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What are Intrusive Thoughts
Intrusive Thoughts are unwanted, involuntary thoughts or memories that can suddenly enter a person’s mind, often causing distress or discomfort.
Intrusive thoughts can take a couple of forms after a narcissistic relationship; they can be either positive or negative. In this article, I’m going to focus on the negative intrusive thoughts. These are the painful, distressing, involuntary memories associated with the trauma of the relationship.
I find intrusive thoughts particularly tough, because they do not require any triggers for them to occur. You could be watching a funny movie, reading a book, completing reports at work – and all of a sudden a painful memory takes over your thoughts and emotions.
John’s Battle with Post-Traumatic Intrusive Thoughts
John, a 42-year-old teacher, experienced a challenging journey that is emblematic of the struggles faced by many survivors of narcissistic abuse. He was in a long-term relationship characterized by emotional manipulation, rageful jealousy, and control.
When John sought help, he was struggling with symptoms that are familiar to those who have endured similar abuse. He frequently experienced excruciating emotional pain along with intrusive thoughts about the abusive incidents. These experiences severely impacted his ability to manage his everyday responsibilities.
In his pursuit of healing, John found specialists and engaged in a range of therapeutic approaches, including neurofeedback, cognitive training, and trauma-informed therapy. His doctors carefully selected these treatments to address the particular difficulties and symptoms he was experiencing.
As he progressed through his treatment, there was a noticeable transformation. The once persistent and intense intrusive thoughts began to lessen in frequency and severity. More importantly, John reported a significant improvement in his overall sense of well-being.
John’s story highlights the complex nature of recovering from narcissistic abuse and the importance of personalized treatment approaches. His journey from deep psychological distress to a state of healing reflects not only the challenges faced by survivors but also their potential for recovery and growth.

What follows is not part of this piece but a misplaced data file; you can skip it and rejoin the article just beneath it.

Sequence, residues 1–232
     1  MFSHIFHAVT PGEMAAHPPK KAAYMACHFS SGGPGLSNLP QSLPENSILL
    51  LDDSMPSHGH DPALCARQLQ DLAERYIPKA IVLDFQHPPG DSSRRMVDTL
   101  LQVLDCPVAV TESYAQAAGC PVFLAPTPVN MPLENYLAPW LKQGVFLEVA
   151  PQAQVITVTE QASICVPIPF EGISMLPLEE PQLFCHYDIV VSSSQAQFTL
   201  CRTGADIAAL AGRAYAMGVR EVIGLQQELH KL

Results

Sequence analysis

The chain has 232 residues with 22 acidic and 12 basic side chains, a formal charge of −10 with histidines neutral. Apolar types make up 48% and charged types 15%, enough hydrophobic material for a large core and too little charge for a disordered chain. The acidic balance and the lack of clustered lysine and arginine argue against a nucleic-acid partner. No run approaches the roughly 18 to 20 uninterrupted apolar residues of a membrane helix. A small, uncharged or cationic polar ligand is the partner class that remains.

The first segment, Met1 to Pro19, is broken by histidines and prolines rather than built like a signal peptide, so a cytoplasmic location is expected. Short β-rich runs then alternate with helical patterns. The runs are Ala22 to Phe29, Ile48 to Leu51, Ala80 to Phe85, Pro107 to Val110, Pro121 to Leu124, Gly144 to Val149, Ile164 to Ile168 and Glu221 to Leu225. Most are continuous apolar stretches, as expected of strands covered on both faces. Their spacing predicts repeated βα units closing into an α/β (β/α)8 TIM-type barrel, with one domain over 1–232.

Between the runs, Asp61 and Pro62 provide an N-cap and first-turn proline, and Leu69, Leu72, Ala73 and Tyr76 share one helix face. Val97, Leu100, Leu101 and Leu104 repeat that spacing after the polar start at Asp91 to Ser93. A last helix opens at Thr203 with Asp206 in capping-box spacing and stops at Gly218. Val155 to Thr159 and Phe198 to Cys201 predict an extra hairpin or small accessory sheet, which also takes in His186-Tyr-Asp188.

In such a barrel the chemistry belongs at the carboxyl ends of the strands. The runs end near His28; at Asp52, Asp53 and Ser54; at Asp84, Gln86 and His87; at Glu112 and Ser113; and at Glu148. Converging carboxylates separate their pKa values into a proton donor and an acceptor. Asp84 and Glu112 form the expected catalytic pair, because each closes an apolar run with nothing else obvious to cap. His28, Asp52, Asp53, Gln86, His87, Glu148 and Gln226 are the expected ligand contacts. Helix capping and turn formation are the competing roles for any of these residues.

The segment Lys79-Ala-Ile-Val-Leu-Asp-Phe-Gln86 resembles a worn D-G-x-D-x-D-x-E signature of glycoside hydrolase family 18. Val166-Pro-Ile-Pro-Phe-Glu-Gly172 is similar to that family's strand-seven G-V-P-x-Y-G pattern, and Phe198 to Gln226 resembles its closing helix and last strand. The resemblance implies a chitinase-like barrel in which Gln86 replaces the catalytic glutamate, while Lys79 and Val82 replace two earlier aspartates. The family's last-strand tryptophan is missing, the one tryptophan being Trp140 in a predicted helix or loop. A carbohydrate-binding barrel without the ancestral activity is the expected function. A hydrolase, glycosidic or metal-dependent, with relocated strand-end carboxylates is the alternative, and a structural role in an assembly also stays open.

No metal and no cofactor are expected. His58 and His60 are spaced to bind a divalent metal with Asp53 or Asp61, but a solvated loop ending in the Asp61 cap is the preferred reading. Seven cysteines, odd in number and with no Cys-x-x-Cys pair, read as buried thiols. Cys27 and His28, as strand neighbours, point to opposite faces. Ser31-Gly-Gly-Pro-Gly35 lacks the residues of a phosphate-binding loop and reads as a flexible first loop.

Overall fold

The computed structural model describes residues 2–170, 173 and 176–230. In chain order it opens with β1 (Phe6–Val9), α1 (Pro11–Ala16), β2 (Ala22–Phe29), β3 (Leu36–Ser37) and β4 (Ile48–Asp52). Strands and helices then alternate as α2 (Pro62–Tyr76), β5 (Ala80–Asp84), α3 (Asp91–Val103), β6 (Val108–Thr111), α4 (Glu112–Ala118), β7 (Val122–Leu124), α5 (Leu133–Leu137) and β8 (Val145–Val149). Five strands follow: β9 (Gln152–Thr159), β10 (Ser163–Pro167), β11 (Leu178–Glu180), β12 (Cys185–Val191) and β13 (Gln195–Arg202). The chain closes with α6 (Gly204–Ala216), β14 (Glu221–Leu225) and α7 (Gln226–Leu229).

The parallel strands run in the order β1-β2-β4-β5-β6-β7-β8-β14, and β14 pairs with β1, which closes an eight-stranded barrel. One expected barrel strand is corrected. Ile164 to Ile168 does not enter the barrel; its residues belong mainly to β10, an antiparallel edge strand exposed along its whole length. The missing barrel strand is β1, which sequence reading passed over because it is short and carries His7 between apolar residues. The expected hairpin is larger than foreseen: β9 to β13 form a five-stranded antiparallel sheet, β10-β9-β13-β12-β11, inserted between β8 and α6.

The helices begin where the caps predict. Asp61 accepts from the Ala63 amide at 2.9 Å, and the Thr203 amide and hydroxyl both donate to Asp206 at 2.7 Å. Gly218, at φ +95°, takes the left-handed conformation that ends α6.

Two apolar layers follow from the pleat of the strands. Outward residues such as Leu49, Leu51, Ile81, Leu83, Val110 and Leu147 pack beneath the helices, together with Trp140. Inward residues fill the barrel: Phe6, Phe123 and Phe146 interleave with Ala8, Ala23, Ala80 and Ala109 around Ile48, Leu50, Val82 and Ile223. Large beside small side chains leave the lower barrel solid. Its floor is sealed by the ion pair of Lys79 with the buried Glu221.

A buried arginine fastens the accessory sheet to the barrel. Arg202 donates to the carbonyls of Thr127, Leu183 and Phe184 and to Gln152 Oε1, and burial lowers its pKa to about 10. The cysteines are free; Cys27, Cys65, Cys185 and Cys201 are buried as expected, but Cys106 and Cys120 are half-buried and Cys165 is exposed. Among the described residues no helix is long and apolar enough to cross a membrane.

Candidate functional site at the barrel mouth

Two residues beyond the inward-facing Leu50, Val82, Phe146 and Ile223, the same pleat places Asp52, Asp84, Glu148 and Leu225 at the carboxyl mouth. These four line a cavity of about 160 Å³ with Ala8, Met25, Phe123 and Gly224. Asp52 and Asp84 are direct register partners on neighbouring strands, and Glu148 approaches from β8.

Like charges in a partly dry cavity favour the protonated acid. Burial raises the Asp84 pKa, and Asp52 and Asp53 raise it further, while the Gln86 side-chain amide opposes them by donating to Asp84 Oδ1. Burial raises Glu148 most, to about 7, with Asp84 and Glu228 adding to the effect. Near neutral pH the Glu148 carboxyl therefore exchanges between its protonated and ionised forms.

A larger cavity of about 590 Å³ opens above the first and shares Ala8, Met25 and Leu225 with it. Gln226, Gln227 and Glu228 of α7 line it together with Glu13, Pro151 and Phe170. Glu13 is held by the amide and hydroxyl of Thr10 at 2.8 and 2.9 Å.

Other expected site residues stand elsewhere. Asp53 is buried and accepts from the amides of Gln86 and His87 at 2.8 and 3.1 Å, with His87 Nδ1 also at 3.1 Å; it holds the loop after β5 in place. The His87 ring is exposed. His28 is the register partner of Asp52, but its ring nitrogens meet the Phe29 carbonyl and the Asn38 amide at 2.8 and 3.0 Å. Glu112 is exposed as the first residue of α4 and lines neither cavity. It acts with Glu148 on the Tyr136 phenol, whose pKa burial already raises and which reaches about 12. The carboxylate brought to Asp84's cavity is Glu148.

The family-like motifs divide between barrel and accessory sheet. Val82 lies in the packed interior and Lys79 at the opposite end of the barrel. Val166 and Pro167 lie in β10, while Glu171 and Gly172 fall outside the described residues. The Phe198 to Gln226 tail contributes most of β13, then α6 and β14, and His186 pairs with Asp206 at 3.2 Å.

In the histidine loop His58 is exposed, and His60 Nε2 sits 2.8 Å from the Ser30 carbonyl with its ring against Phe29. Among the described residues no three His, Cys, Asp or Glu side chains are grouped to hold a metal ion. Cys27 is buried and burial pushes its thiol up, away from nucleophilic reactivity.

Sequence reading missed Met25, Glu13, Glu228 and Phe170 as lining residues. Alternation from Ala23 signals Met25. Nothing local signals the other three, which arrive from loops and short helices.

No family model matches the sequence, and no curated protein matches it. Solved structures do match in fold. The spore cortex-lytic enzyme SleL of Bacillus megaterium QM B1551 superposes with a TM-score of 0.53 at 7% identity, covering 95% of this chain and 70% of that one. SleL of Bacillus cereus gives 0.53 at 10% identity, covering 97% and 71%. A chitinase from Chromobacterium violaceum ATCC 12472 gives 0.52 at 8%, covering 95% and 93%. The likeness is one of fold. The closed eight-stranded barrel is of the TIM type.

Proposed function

Let’s go into a bit of the science behind intrusive thoughts that stem from traumatic experiences.
Watch this 60" neuroscience clip
Trauma & Intrusive Thoughts
Trauma is a deeply distressing or disturbing experience. In this context, it refers to the emotional and psychological impact of narcissistic abuse.
As discussed in the clip, traumatic experiences causes our brain to shift into an imbalanced state. We no longer feel like ourselves.
Suddenly, components of various emotional systems take the lead. For a brain to function optimally, the regulation system (e.g., prefrontal cortex) should take lead or work with the other systems.
A traumatized brain (e.g., PTSD) has an emotional system that is within a highly overactive state (for some matters) and an underactive state in other matters (e.g., numbness; reduced intensity of positive emotions).
Unfortunately, we cannot ‘think‘ this system back into balance. We cannot say, “Alright, enough of this; I need to get back to my normal self.”
Why? Because a brain changed by trauma now has a powerful emotional system that reacts to the world around it. It also has a powerful generator of involuntary thoughts and feelings that suddenly seem to take over (i.e., intrusive thoughts, flashbacks, intense pain, bad dreams).
The brain is both reacting to stimuli from outside and inside (generating its own distress).
A traumatized brain cannot simply bounce back to the way it was before the narcissistic relationship. Some survivors refer to this as “brain damage.”